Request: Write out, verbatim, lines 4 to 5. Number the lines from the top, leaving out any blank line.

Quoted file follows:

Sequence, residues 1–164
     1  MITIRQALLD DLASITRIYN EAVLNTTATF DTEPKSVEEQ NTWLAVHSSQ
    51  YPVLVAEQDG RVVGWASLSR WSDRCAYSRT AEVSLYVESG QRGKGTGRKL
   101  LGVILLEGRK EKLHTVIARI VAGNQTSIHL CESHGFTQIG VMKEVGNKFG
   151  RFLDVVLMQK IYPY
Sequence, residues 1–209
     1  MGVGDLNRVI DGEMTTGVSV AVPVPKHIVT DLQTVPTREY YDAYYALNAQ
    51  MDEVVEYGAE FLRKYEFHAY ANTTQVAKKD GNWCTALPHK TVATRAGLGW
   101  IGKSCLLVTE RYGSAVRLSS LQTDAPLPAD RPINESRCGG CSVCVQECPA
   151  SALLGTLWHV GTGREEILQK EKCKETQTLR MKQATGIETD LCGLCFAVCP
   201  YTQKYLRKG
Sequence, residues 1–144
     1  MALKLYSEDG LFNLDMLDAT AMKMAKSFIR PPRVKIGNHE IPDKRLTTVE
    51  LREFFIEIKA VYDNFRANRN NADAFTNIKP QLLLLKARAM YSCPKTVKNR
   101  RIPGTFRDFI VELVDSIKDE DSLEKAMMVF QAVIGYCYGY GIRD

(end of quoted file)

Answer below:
   101  LGVILLEGRK EKLHTVIARI VAGNQTSIHL CESHGFTQIG VMKEVGNKFG
   151  RFLDVVLMQK IYPY